While we haven’t heard too much about it lately, the ongoing semiconductor shortage is leaving new car buyers in the cold, literally.
Ford and General Motors have recently taken the unprecedented move of selling cars and trucks without all of the chips the models were designed to include, with the promise to retrofit them as soon as they’re available.
Common Features No Longer Part of New Vehicles
That means heated steering wheels, an immensely popular feature, will be hard to come by until the middle of the year on some of GM’s most popular models like Chevrolet Suburban and Tahoe. That particular shortage is expected to clear up shortly, but you can’t even order a Suburban with heated or ventilated seats and park assist is not happening either. It’s difficult to imagine the buyers of large vehicles (particularly in cold climates) being too thrilled that such basic features aren’t available.
Rear seat passengers in the Ford Explorer, the best selling SUV in America, won’t be able to adjust the temperature on their own as a result of the shortages, with the automaker beginning to build and ship them without the chip necessary for that feature in an effort to clear inventory from their Dearborn, MI headquarters.
This comes after the automaker was forced to discontinue offering a fuel-saving “stop start” feature on its F150 pickup truck. This technology, called cylinder-deactivation, shuts down the engine when the vehicle comes to a complete stop. Ford is not alone in having difficulties keeping this feature available, GM was also forced to stop offering cylinder-deactivation on its Chevy Silverado and GMC Sierra 1500 pickups.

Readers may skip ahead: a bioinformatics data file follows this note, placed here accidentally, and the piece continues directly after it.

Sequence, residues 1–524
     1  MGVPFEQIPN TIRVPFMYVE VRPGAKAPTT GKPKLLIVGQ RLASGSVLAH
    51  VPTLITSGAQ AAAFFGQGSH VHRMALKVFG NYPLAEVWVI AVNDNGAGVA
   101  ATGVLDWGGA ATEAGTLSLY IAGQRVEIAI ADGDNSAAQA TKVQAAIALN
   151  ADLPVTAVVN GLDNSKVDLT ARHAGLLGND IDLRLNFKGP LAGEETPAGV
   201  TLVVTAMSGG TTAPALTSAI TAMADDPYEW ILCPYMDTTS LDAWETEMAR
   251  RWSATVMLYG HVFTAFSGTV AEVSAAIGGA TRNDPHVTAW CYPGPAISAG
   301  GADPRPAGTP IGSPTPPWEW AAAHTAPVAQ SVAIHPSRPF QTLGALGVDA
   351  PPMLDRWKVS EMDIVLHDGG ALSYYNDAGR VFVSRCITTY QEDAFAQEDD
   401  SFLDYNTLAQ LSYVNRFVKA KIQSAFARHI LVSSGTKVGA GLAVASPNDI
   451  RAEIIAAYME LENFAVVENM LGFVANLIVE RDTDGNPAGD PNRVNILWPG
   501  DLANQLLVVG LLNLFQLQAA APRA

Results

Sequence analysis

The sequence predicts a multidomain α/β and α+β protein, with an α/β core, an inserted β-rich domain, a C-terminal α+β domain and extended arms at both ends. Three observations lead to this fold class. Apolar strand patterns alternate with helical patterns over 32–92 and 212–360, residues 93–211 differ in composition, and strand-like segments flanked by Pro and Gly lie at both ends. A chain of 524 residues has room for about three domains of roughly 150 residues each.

Ongoing Disruption Around the World
So even though Covid-19 isn’t dominating the headlines as much as it used to, and large portions of the U.S. have gone back to life-as-we-once-knew-it, we’re not out of the proverbial woods yet. The entire city of Shanghai is currently under lockdown, despite relatively low symptomatic case numbers, as cases skyrocket there. Airlines cancel flights regularly due to staff illnesses. And the ever-present threat of food and fertilizer shortage looms over the world as supermarkets begin to allow rationing in response to the effects of the Russian invasion into Ukraine.
Many of these disruptions will pass. The chips will show up and the seats will warm up again. As Omicron wanes, so will service interruptions due to worker illness. But they’re good reminders that the supply chain is not yet fully recovered from the pandemic, and will most likely be in a constant state of flux for years to come. Make sure to bookmark our resources page, as we’ll be sure to keep you updated on everything relevant in the world of the global electronics value chain.